By William Elliott, MD, FACP, and James Chan, PharmD, PhD

Dr. Elliott is Assistant Clinical Professor of Medicine, University of California, San Francisco. Dr. Chan is Associate Clinical Professor, School of Pharmacy, University of California, San Francisco.

Drs. Elliott and Chan report no financial relationships relevant to this field of study.

The FDA has approved the first cell-based gene therapy for the treatment of acute lymphoblastic leukemia (ALL). This genetically engineered anti-CD19 chimeric antigen receptor (CAR) T-cell therapy is created by reprogramming a patient’s own T cells using a lentiviral-vector, resulting in T cells that target leukemia cells that exhibit CD19 on the surface. Tisagenlecleucel is marketed as Kymriah.


Tisagenlecleucel is indicated for the treatment of patients up to 25 years of age with B-cell precursor ALL that is refractory or in second or later relapse.1


A single-dose unit contains 0.2-5.0 × 106 CAR-positive viable T cells per kg of body weight for patients ≤ 50 kg, or 0.1-2.5 × 106 CAR-positive T cells for patients > 50 kg.1 The dose is administered through IV infusion. Premedication with acetaminophen and an H1 antihistamine are recommended. The expanded use of tocilizumab (an anti-interleukin-6 receptor antagonist) has been approved by the FDA to treat CAR T-cell-induced severe or life-threatening cytokine release syndrome (CRS).2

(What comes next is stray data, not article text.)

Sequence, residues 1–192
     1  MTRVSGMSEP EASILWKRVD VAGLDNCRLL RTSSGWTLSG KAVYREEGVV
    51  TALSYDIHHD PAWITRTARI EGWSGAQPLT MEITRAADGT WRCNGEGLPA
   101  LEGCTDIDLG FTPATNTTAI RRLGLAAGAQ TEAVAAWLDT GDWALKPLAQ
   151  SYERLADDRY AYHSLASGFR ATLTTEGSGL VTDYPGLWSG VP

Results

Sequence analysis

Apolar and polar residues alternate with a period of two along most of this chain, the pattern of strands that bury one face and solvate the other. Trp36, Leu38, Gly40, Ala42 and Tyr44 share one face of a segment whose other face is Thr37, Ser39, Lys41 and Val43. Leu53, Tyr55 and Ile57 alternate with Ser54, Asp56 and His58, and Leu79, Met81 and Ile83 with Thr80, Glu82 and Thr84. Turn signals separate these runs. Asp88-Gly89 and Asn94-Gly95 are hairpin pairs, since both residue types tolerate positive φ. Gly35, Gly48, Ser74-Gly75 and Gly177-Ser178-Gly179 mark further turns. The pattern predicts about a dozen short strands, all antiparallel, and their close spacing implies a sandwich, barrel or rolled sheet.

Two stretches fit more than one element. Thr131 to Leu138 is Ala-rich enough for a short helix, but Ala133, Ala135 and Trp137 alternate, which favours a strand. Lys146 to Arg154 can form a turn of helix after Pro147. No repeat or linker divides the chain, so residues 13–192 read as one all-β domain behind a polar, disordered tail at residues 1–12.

Tisagenlecleucel is the first effective cell-based gene therapy to be approved for ALL. Once administered, it is present in the blood and bone marrow beyond two years.1 This enhanced persistence may be associated with more durable remission.3


Serious adverse reactions have been associated with tisagenlecleucel administration, including CRS (79% with 49% grade 3/4), neurological toxicity (e.g., headache, encephalopathy; 65% with 18% grade 3/4), serious infections (59% with 35% grade 3/4), and hypogammaglobulinemia (43%).1,2 Patients may need to receive immunoglobulin replacement for an indefinite period following treatment.1 Treated patients may develop secondary malignancies or recurrence of their leukemia.1 Tisagenlecleucel only targets CD19. It does not target other antigens expressed on B cells, such as CD22 and CD123.3-5 Patients may relapse with CD19-negative disease. There is a potential for manufacturing failure occurring in up to 9% of cases.